Intellectual Vindication

There is a certain feeling I get all the time as a math teacher, especially when I’m reading blogs. My colleague and I gave it a name, and it has become a staple of my vocabulary. Here is my best attempt at defining it.

Definition: A person experiences intellectual vindication when they are grappling with an unrefined idea, and they discover that someone else has an elegant and thought-provocative representation of the same idea.

For example …

I decided to become a math teacher math during my senior year of college. I had flirted with the idea a few years earlier, but it only felt real during my senior fall when I started applying for grad schools. Around the same time, my parents asked me what I wanted for Christmas, and on a whim, I asked for some math toys and puzzles to populate my future classroom.

When I was younger, I loved math for all sorts of reasons. I loved the competitive way math was presented, the ego satisfaction of besting my peers, the teacher-approval, the grades, and the resultant parent-approval. I was extremely susceptible to extrinsic motivations, but something always puzzled me: I never knew what I wanted to be when I grew up. I did not know for what future career I was learning math.

Often, I was told that my math skills implied that I should be an accountant. In high school, someone taught me what an actuary was and offered that as a solution. Both paths were lucrative and involved mathematics in some way, but I never really understood how these jobs used mathematics. I understood that they involved numbers, but I didn’t really understand how the math-that-I-loved was being used in these professions.

When I got to college, I experimented. I took economics, computer science, and physics, and in each case, there was something about the application of mathematics that lost its essence. Instead, I saw mathematics in philosophy, in history, in Russian, in LJST. Sometimes I saw more of the math I loved in my humanities and social science classes than in my math classes. These courses asked me to analyze texts, contexts, and subtexts; to make connections between the big picture and the tiny detail; to communicate using specialized, precise language; to be creative and to never be satisfied.

I realized that I love creative problem solving. I find joy while immersed in a puzzle.

And teaching – whether math or otherwise – is one crazy puzzle after another.

But there is one puzzle that just never seems to go away. As a math teacher, I am expected to convince my students that math has a purpose; that we are learning math for something. The “real-world” and career-oriented purpose of mathematics is ever-present. I tell my students that math is creative problem solving not number manipulation, and that math is worthy for its inherent pleasure not its worldly applications. I can say as much, but my argument is too abstract to overcome the anxiety of answer-getting and the dozens of voices preaching college and career.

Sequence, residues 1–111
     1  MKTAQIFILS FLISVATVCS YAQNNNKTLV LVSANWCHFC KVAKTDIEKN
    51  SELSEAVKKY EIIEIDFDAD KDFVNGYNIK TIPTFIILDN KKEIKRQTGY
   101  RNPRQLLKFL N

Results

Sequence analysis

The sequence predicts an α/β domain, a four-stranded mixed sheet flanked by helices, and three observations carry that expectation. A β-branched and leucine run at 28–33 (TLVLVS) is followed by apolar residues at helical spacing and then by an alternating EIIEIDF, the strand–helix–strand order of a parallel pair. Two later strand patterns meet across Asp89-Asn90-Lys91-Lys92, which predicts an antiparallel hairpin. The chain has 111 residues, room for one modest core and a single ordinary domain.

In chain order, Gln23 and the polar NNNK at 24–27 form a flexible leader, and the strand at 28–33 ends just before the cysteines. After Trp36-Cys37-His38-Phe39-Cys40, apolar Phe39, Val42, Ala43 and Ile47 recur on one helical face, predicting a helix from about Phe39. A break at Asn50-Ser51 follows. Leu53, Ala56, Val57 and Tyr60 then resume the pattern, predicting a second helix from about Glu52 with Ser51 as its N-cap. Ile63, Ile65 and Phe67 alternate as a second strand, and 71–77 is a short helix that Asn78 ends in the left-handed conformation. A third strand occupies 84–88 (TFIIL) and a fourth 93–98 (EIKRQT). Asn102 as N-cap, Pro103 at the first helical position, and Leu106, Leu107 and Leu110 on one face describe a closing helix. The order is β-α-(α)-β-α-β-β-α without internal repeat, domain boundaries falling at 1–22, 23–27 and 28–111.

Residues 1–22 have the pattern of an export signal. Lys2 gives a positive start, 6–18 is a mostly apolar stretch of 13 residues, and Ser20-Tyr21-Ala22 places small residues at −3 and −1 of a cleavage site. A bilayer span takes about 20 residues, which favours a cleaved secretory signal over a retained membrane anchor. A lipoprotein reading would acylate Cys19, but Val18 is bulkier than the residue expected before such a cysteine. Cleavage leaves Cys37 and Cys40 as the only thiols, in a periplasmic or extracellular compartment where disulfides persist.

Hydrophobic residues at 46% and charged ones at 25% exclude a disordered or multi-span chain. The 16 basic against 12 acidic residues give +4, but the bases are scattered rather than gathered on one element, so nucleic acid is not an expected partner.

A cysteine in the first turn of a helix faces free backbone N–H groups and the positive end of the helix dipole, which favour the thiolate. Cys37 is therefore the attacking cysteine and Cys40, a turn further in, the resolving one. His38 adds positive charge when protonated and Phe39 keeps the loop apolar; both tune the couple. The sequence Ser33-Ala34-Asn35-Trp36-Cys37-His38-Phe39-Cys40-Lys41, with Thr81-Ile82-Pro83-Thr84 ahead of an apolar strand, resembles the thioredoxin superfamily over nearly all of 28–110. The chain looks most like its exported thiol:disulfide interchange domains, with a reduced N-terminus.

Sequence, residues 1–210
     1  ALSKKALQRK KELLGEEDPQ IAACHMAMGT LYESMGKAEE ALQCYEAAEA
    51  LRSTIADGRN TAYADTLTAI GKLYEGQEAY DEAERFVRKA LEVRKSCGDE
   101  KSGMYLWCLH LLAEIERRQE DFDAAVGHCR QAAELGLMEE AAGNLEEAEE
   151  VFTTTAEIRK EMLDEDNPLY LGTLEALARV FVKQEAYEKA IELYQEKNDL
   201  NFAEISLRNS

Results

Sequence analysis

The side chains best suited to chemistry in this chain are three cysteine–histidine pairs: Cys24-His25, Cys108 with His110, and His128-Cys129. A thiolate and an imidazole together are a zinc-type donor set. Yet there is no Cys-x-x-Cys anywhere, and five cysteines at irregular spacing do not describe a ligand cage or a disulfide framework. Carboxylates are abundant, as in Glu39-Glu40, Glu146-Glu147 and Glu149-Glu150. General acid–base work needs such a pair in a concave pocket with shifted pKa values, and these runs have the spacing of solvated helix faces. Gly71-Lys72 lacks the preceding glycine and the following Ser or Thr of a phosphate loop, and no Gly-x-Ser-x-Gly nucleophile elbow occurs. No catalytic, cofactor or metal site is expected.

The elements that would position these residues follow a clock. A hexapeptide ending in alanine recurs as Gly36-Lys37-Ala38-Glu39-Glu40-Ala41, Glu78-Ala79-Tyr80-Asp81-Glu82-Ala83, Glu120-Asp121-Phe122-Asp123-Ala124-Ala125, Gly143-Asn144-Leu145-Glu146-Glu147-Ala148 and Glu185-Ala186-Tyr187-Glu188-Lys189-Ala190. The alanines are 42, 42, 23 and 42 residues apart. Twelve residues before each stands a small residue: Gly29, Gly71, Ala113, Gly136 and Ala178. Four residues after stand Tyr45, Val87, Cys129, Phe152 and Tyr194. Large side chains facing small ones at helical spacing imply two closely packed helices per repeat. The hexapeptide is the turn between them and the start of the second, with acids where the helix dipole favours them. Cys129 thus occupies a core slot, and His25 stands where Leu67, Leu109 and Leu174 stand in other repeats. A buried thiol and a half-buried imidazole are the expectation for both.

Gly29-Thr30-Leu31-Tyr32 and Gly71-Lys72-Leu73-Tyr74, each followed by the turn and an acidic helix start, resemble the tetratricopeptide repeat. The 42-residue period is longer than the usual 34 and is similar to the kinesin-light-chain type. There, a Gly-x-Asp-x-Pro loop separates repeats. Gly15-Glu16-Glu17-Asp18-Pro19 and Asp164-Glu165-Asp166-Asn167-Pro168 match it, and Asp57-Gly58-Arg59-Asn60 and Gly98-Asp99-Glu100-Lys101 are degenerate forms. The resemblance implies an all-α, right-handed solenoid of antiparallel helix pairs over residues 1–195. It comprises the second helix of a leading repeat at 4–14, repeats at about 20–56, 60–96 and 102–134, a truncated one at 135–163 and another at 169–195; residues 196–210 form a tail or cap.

During my first year of teaching, I did not have a solution to this problem. My teaching style and my philosophies took time to develop, but my toys and puzzles quickly found their way into the classroom. I was worried they would be a distraction, but they have been quite the opposite. I kept finding new toys and puzzles and bringing them into school but I couldn’t quite explain why I was doing it.

About halfway through my second year of teaching, I saw that Dan Meyer – inspired by David Foster Wallace – had the following to say:

“If your students worship grades, they won’t complete assignments without knowing how many points it’s worth. If they worship stickers and candy, they won’t work without the promise of those prizes.

If you say a prayer to the “real world” every time you sit down to plan your math lessons, you and your students will never have enough real world, never feel you have enough connection to jobs and solar panels and trains leaving Chicago and things made of stuff.

If you instead say a prayer to the electric sensation of being puzzled and the catharsis that comes from being unpuzzled, you will never get enough of being puzzled and unpuzzled.”

And just like that, I had it!
In my classroom, I communicate why I love math with an altar to perplexity:

A snapshot of my classroom from 2013–2014.

That quote is everything I love about the Math-Twitter-Blogosphere (MTBOS). I started collecting toys and bringing them into class on a whim, but some stranger was able to capture my lifelong experience with mathematics education. I love the MTBOS because I am constantly vindicated in my belief that mathematics is so much more than extrinsic rewards and real-world consequences; math is about creativity and confidence and curiosity, and somehow I found a career that gets to do it everyday.

And with that, I have finished my first post, and officially started my new puzzle: blogging.

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One thought on “Intellectual Vindication

  1. I fell into becoming a math teacher too & like you, I love puzzles! Every Thursday, I give my 7th grade students 7 minutes to solve random ThinkFun puzzles with simple expectations – Don’t tell me it’s hard – it is supposed to be. Don’t trade or request puzzles – you get what you get & you don’t throw a fit. You may get the same puzzle multiple times & the only way out is to solve it. I’ve had collegues tell me they don’t have time to play in their classrooms, but what I get out of it is students who persevere, students who learn to appreciate a challenge, students who don’t whine when things are hard, and students who celebrate when they’ve solved a puzzle that stumped their classmates. After 19 years, I wouldn’t do it any other way. Thx for your blog – I am interested in starting school-wide puzzles too.

    Like

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